928 Ft. Stockton Drive, Mission Hills
Aside from the brilliant and fleeting cherry blossom season, the one thing that makes a Japanophile’s heart warble is an awesome izakaya (the Japanese gastropub). Izakaya Masa in Mission Hills is our favorite izakaya in all of Southern California. But not for ramen. Masa’s ramen is pretty standard; when I’m craving ramen, I can easily find an equal-to-or-better version of the stuff at Tajima or Yakyudori. To me, ordering ramen at Masa would be like ordering the frankfurter at S&M Sausage and Meat. Sure, you’re going to get a good hotdog, but where else can you taste alligator and antelope sausage? If a place specializes in something rare that is also awesome, I don’t order the hot dog. When I pass through those noren (fabric doors) and am transported to a space reminiscent of izakayas in Shinjuku, I gravitate toward the kind of things I can’t get anywhere else in San Diego.
One such item is the Agedashi Tofu — yeah, yeah, I know there are a few other kitchens in town that make great agedashi, but on the whole, those tend to be more pricey, and this one is not only my ideal version (along with Sushi Tadokoro’s), it’s also only $4.95. David and I usually begin our meals at Masa by sharing this golden fried tofu swimming in a savory, umami soup comprising dashi, mirin, and soy sauce, all capped with a pile of grated mountain yam and nori confetti.
A more indulgent appetizer is the Masa’s Fried Chicken ($5.95). Given the menu is awash in Romanji, I’m surprised this item didn’t appear as Karaage, as Masa’s version is definitive of the traditional karaage method of marinating the meat morsels in a garlic and soy sauce blend before frying. I have an affinity for sauces in general, but I’d be loath to add a drop of anything to these savory flavor/texture bombs.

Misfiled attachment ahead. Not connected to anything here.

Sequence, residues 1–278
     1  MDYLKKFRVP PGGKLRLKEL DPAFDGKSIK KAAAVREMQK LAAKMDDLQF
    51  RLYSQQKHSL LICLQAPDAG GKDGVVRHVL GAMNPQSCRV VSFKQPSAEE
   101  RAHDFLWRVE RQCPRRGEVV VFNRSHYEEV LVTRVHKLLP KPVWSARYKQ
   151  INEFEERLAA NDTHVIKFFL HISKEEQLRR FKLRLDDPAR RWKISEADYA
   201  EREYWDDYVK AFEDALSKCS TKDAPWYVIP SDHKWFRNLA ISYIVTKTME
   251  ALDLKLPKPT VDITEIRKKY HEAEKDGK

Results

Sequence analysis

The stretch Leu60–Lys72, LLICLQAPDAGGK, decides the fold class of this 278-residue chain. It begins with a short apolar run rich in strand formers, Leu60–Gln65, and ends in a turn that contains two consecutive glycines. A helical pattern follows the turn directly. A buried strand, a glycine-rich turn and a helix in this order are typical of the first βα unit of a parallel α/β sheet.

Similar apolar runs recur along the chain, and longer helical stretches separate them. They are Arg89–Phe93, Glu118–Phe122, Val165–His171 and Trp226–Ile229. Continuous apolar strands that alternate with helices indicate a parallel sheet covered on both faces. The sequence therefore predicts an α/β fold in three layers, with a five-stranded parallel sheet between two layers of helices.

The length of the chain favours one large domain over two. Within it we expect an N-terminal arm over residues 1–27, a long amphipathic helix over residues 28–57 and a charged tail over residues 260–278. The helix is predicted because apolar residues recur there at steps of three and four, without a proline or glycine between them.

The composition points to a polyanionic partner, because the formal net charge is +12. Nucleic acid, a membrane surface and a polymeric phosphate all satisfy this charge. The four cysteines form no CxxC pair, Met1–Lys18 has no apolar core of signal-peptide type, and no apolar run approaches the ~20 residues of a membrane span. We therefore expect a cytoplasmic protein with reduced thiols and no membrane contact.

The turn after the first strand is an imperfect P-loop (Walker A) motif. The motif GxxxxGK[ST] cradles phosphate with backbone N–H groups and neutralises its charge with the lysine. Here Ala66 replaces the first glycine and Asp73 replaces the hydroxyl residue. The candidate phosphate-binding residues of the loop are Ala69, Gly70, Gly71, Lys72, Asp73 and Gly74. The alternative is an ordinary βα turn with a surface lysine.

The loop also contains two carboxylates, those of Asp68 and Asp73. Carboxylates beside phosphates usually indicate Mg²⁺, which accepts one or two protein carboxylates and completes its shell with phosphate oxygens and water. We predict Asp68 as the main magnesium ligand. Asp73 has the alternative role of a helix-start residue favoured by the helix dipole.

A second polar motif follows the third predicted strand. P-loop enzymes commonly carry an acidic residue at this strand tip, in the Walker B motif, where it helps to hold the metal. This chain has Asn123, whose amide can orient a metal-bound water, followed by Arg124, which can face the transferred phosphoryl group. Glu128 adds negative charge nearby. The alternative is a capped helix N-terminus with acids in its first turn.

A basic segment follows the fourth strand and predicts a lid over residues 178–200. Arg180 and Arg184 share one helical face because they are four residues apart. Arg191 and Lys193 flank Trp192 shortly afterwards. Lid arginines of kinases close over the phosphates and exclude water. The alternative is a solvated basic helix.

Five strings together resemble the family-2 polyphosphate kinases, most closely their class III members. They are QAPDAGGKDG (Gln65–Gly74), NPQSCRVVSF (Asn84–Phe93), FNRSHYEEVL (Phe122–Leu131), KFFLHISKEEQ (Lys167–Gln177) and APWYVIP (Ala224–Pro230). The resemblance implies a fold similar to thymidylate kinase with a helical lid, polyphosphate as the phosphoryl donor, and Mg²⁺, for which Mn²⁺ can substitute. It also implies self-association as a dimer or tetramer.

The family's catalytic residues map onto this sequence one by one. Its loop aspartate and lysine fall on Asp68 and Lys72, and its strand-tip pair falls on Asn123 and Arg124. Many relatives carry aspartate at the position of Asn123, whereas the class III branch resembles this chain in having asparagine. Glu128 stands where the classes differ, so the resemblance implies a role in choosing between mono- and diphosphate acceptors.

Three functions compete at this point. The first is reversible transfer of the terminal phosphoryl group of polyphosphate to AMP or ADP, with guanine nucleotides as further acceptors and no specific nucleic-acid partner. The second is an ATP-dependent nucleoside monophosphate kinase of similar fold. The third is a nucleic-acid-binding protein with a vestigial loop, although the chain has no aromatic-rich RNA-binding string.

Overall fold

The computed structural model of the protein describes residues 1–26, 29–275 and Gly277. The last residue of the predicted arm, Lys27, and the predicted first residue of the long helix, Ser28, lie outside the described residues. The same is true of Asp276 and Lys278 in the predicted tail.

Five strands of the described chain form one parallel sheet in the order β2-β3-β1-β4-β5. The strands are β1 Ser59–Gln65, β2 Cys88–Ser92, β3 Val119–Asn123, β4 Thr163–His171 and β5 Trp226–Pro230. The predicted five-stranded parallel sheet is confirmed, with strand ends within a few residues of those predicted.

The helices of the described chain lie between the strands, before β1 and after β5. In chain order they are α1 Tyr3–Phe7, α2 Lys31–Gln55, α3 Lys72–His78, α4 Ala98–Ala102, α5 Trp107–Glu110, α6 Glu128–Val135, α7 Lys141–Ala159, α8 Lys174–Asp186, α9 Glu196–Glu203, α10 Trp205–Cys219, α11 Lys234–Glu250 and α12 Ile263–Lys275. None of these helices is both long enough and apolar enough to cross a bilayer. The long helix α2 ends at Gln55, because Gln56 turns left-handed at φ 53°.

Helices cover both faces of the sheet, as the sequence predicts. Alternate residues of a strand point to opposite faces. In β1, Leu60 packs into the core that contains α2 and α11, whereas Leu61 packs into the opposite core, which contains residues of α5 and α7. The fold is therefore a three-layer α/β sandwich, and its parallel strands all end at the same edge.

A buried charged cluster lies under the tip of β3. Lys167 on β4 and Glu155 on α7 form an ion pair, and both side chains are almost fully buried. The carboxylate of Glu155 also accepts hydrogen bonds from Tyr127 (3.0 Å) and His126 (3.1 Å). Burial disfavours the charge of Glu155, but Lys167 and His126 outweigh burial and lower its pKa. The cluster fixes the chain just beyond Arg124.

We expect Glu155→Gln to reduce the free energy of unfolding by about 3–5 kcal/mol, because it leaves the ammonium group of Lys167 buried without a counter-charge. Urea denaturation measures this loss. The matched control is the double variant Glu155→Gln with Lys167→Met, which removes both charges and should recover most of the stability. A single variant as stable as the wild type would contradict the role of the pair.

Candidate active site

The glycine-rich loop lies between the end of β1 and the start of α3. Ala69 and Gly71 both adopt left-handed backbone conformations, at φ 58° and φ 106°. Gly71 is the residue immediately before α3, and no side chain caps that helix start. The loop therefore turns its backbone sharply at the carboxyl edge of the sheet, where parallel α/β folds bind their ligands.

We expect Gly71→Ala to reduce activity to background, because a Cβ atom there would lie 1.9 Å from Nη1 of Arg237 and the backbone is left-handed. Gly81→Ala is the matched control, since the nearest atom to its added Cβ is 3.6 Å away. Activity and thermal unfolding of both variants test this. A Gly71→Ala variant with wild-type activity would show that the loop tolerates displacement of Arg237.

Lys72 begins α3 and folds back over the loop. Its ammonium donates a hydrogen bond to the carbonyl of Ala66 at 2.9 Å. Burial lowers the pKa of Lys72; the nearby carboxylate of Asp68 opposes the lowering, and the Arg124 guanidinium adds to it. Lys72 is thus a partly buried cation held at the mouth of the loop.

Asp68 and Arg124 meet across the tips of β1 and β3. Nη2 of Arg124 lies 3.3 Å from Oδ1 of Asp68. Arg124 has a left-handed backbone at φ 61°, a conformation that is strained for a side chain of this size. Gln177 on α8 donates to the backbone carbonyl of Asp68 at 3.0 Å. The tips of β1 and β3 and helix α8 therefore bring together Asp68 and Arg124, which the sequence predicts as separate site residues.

The reason David has now insisted on a once a week visit to Masa is their Ten-Zaru Soba ($11.95). He’s been on a soba noodle kick lately. Here his tempura accompaniment to the otherwise simple and elegant dish of cold buckwheat noodles includes not only shrimp, but also squash, potato, broccoli, and even a shiso leaf.
On the noodle front, my go-to at Masa is the Nabeyaki Udon ($9.95). Thick, chewy udon noodles are submerged in a boiling hot dashi broth, served in the same nabe, or metal pot in which it was cooked. Nabeyaki versions vary, but they all typically include an egg soft-cooked in the boiling broth and tempura shrimp. Masa’s version adds spinach, tofu, thinly sliced carrots, and green onion. And of course, I spice it up with several shakes of shichimi, which is brought to the table along with the dish.
For drinks, we order off the special menu, which doesn’t seem to change much. After tasting our way through most of them, we settled on a usual, and that’s the Funaguchi Kikusui Nama-Sake (aged one year), which arrives in an aluminum can. This protects it from the damaging effects of light and air (careful when you open them, they’re filled to the brim). This sake seems to have more character than the same brand’s Junmai Ginjo, which is easy drinking, but falls on the overly innocuous end of the spectrum.
I enjoy the subdued sweetness of Japanese desserts. Only once have we saved room for any here (the night we tried their sushi, which is interesting, fresh, and tasty, but the pieces were hilariously huge). Not on the menu, but affixed to a wall in one room that we happened to sit by one night was the sweet offering of spring rolls with ice cream. The green tea and red bean center of the spring rolls were lava hot. Fortunately, we had cool, satisfying black sesame ice cream to soothe our burnt tongues. And after a few bites, we forgot all about the pain and relished the sweet and earthy flavors.